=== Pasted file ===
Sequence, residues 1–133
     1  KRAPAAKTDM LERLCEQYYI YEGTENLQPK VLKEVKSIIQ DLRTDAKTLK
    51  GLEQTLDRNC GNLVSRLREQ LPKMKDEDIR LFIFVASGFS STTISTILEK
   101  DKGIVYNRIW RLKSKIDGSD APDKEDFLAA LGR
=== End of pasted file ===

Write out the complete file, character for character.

Sequence, residues 1–133
     1  KRAPAAKTDM LERLCEQYYI YEGTENLQPK VLKEVKSIIQ DLRTDAKTLK
    51  GLEQTLDRNC GNLVSRLREQ LPKMKDEDIR LFIFVASGFS STTISTILEK
   101  DKGIVYNRIW RLKSKIDGSD APDKEDFLAA LGR